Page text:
His special education teacher (the one who was actually with him more than half of every day) jumped in then, telling me all that he had learned, and while most of it was indeed preschool and kindergarten material, he was learning! He was making progress, albeit slow. I never would have known that he wasn't sitting at a table and drooling all day if I'd not asked my questions and we'd remained focused on how he compared to grade level expectations.

All I want is for Carter to be challenged in appropriate ways. Is he learning and making progress (no matter the pace)? Is he happy at school? Is he curious and eager to learn new things?

If the answers to those questions are yes, I don't care one bit how he measures against a list of things kids should know at any particular age. I don't know where he's going, but I'm convinced he won't get there faster if we hit him (and me!) over the head along the way.

Adrienne Jones lives and blogs in Albuquerque, NM. You can find her at No Points for Style.

Sunday, February 19, 2012

Walking The Tightrope

It's always something, isn't it?

The last three months have been kind of crazy around here.  Since November, Connor has had strep throat, RSV, double pink eye, a yeast infection around his g-tube, three GI bugs, impetigo caused by strep and staph and had nasty allergic reactions to sulfa drugs and to surgical tape.  Last month I didn't blog because of the freak snow and ice storm we had here in the Pacific Northwest that knocked out our power and Internet access for a while.  Now we're monitoring Connor's kidney, which is starting to show evidence of some wear and tear.  The nephrologist thinks it might be due to one of the little guy's seizure meds, which of course is the one that stopped him from having seizures that require me to do mouth-to-mouth on him.

It's always something, isn't it?

Here's the deal.  Even though the past three months have been rough even by our standards, I figure that it's always going to be something.  Managing the care of a child like Connor is like juggling while trying walk a tight rope strung between two buildings-- everything I do affects everything else, and I have to constantly readjust to find the best combination of therapies, medication, interventions and rest to keep Connor moving forward without tipping him over one side or the other. 

So yeah, always something.  How much I have in reserve to handle the issues and keep things going the way they need to go ends up being the main issue I'm struggling with right now.

I have to do my very best to find my own balance-- to recognize when I need to add some rest, time with close friends, or maybe a bit of pampering so that I can continue to do what I need to on a daily basis.  And after the past three months, I absolutely need all three of those things right now.  I'm starting to lose my patience more easily and I'm getting snappy with Jer-- warning signs that I need to take some time for myself or I'm going to start dropping balls not just with Connor, but with other aspects of my life as well.  It's a lot harder for me to keep the house running well or to make all those phone calls to the insurance company when all I have the energy to do is sit in a chair and stare at the wall for a while.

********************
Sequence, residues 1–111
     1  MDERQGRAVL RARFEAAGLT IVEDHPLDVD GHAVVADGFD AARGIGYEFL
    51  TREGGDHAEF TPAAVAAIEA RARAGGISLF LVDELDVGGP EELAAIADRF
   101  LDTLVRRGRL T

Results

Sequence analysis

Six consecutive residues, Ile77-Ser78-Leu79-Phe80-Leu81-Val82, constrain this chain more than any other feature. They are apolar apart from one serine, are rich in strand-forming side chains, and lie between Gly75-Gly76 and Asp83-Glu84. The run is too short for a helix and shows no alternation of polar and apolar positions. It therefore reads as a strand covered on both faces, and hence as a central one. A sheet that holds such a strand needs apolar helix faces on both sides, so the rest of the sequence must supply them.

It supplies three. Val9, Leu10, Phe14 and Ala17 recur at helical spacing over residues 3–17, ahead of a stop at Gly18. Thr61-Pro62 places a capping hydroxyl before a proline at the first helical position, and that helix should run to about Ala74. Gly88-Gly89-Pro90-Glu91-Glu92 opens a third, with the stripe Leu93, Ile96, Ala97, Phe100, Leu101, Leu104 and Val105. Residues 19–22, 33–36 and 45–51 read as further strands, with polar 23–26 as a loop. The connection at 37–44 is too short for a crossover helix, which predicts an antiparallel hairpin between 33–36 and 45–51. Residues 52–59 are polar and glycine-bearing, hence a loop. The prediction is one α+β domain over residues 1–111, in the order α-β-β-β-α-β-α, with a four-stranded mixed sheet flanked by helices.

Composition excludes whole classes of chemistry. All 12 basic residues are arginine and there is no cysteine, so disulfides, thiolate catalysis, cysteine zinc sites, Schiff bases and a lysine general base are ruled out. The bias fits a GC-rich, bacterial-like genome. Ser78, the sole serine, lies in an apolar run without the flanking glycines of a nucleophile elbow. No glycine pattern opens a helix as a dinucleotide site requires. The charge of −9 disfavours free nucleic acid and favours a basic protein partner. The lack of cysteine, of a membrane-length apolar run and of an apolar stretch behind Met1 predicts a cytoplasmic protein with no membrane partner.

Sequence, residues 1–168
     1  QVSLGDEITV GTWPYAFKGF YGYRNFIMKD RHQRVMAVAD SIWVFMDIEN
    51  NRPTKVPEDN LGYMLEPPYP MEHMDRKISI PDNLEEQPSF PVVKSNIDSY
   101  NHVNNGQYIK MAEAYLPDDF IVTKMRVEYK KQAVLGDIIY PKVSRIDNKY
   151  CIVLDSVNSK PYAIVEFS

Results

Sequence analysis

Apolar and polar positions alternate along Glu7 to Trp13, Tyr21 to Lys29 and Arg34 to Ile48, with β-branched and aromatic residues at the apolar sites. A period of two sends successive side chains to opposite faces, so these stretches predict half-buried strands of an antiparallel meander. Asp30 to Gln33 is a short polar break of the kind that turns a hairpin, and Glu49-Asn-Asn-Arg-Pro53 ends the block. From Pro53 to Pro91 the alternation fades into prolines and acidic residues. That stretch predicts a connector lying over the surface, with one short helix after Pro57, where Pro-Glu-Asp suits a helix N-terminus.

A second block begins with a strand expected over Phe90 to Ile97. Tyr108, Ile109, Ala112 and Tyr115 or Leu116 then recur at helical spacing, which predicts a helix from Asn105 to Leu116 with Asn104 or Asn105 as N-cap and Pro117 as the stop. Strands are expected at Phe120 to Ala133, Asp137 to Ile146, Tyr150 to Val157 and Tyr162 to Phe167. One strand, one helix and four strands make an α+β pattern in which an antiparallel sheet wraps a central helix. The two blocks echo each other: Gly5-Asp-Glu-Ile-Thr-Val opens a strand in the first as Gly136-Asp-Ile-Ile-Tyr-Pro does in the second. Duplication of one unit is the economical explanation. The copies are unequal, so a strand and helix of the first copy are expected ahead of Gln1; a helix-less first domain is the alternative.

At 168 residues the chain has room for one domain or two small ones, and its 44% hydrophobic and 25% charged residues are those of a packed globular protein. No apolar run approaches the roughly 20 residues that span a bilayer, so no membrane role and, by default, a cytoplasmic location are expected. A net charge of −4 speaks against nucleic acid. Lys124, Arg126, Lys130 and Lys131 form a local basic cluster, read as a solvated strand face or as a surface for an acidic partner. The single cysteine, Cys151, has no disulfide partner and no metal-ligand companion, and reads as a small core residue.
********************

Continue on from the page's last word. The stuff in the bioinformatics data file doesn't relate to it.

It took me a while to figure out those signs when I first started parenting the little guy, but I've learned the hard way to listen to myself and to stop feeling guilty about taking some me time every once in a while.

So I'll take a step back, let our respite care worker juggle the load for a day or so, and spend some time finding my feet again.  Then I can return to giving Connor the attention he needs and deserves.



Jess blogs daily over at Connor's Song.


It started out as a romance.  A pretty cliched love story, actually: boy meets girl, boy sweeps girl off her feet and whisks her off to distant lands.  Before they knew it, a baby girl came along and the script had morphed into a screwball comedy.  This was hackneyed fish-out-of-water stuff.  Adding a baby boy moved the family straight into a farce.  

Then there was a twist: a diagnosis- this was special needs parenthood.  A showstopper.  It couldn't be a comedy any more, could it?  Surely the next scenes had to be gritty.  A kitchen sink drama.  Moody stuff, filmed only in black and white.

Maybe, for a little while.  But what if that was just one scene?  What if the story continues in glorious technicolor, with joy and laughter, and plot developments we never saw coming?  Perhaps as the camera keeps rolling it can return to comedy, or romance, or even an action adventure.

Last week, we drove an hour away from our home in Johannesburg to a wildlife reserve.  We fed a family of elephants.  The kids reserved at first, then curious, then brave, then gleeful.  Picture a baby elephant raising its trunk, and Pudding reaching out her own arm in wonder, then tentatively stroking.  It was a sensory experience like no other.  After a few moments of silent greeting, Pudding raced off to place carrots between the "lips".  

My girl who struggles with social interactions with her own species was instinctively communicating with another.  Then the elephant- scene-stealer that she was- sneezed on Spectrummy Daddy.  You didn't need canned laughter for that piece of improv!

There are some things you can't capture on film, but these are the very scenes you will never forget.  The diagnosis wasn't the end of our story; it wasn't even the beginning.  There'll be more tear-jerking moments, suspense, and side-splittingly funny times.  Forget what they say about never working with animals or children: the show must go on!

Spectrummy Mummy is supposed to be in charge of production of her blog, on Facebook and Twitter, but spends most of her time being directed around by Pudding (5) and Cubby (2).